Tag Archives: how to write

E is for Eryka (and Eaglecrest)

Eryka is the intended love interest for Brydon, the main character, or more specifically he is the intended love interest from Eryka’s perspective. Most of the residents of Falara are also firmly behind them as a romantic pairing, since Brydon is an upstanding citizen, a knight-priest of the Brotherhood of the Lance, and came from humble working stock. They also make a fine-looking couple and there is little doubt that they would produce beautiful children. Their relationship is complicated, however, as much of their time together was spent with Brydon doing Eryka’s bidding while she ordered him around like a glorified servant. To be fair, they were both children and she was exceedingly spoiled. Brydon spent quite a lot of time in the castle Eaglecrest while his father was a royal smith, but when his father died he joined the knight-priests in order to obtain a steady income and support his mother, who moved back to the small village where Brydon had spent most of his early childhood.

"Blacksmith tools" by Lacen - National park Krka, Croatia. Licensed under Public Domain via Wikimedia Commons - http://commons.wikimedia.org/wiki/File:Blacksmith_tools.JPG#mediaviewer/File:Blacksmith_tools.JPG

“Blacksmith tools” by Lacen – National park Krka, Croatia. Licensed under Public Domain via Wikimedia Commons – http://commons.wikimedia.org/wiki/File:Blacksmith_tools.JPG#mediaviewer/File:Blacksmith_tools.JPG

Eaglecrest itself can refer to either the city or the castle that overlooks it. The royal palace was carved into the immense stone cliffs that tower above the city like watchful guardians. The place is practically impregnable, reached only by a narrow, winding path that crawls up to the massive gates midway up the wall. Eaglecrest Castle has never been under assault, partly due to the fact that the Redolian forces seldom make it as far as the city, even at their most organized, but also because one would have to be mad to attempt it. The defenses of the city itself are minimal, as the citizens rely on the fact that they can flee to the castle for protection in the event of a rare attack.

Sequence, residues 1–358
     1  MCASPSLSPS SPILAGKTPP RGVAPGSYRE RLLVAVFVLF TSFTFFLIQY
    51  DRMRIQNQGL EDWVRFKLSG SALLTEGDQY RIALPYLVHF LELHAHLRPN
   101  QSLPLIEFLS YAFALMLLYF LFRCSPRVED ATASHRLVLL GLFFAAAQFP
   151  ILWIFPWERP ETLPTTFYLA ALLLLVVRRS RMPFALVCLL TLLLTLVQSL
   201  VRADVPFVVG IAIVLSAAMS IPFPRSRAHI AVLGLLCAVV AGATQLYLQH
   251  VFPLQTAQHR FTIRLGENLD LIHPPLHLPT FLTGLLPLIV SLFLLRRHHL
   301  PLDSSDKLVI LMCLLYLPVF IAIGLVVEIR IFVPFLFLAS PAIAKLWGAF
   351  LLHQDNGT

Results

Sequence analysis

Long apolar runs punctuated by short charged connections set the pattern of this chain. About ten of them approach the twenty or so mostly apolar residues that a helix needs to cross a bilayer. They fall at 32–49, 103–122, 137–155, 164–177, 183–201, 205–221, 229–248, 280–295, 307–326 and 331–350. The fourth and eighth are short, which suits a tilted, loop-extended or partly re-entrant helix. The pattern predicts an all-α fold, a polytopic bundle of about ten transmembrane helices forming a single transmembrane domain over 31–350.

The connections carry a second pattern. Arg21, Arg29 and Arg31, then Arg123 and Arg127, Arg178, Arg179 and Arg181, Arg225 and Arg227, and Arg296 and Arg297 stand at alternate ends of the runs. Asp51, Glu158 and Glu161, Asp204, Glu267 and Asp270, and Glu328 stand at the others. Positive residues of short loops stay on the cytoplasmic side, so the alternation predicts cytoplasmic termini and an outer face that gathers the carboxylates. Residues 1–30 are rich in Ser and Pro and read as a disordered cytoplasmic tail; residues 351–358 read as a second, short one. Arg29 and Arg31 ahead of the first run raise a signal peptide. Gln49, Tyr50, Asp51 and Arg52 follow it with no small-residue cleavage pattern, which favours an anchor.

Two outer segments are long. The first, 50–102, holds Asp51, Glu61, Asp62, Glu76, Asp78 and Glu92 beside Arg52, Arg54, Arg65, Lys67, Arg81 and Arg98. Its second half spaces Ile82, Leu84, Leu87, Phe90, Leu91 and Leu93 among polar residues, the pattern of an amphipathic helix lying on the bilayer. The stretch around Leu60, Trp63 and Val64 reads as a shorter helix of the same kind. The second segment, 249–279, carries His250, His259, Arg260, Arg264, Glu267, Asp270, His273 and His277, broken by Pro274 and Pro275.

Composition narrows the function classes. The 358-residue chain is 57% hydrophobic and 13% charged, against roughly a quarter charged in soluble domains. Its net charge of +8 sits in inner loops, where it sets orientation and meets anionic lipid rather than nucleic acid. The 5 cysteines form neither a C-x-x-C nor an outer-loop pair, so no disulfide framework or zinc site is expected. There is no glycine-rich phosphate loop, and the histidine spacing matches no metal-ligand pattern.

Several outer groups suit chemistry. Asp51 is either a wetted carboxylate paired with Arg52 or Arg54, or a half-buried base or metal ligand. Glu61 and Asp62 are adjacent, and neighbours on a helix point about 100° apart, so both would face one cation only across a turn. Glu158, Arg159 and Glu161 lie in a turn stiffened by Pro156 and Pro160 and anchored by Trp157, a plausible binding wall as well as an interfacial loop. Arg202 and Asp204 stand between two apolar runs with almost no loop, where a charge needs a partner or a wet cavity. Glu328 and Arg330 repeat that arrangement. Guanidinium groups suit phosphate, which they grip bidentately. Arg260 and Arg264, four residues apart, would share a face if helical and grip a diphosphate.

Brydon is not sure about Eryka’s motivation in regards to his quest. They never had a romantic connection and, in fact, he often wondered if she liked him at all. At best she seemed to tolerate him and at worst she treated him like a scullery. He suspected she had been pressured into making a decision as her birthday approached and, in desperation, had chosen the least offensive option available. Despite his puzzlement, Brydon was gratified at her trust in him, although he was not particularly happy at the idea of leaving his mother alone while he jaunted halfway across the world in search of an item that might be nothing but a myth. As for the quest itself, he frequently wondered why she had chosen the Gauntlet of Ven-Kerrick. He had asked her point-blank on the day she had chosen him as a suitor and she had replied with a cryptic, “Because I want it.” As he was accustomed to hearing that particular phrasing and seeing the entitled jut of her chin that accompanied the words, he had known there would be no additional information forthcoming. At the end of the day, Eryka was still the future queen of Falara and Brydon would always be a loyal subject. Whatever her motivation, he would do his duty and fulfill the terms of the quest to the end.

At least, he always thought he would.

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Killing Those Who Annoy You – A How-to Guide

Remember your ex-boyfriend or girlfriend? The controlling Narcissist that called you seven hundred and fifty times a day to make sure you weren’t flirting with the cute sales rep at your office? Or think about that boss you had who made every working hour torture with her micro-managing soul-destroying decisions (that she would conveniently forget were her idea the moment everything went to hell).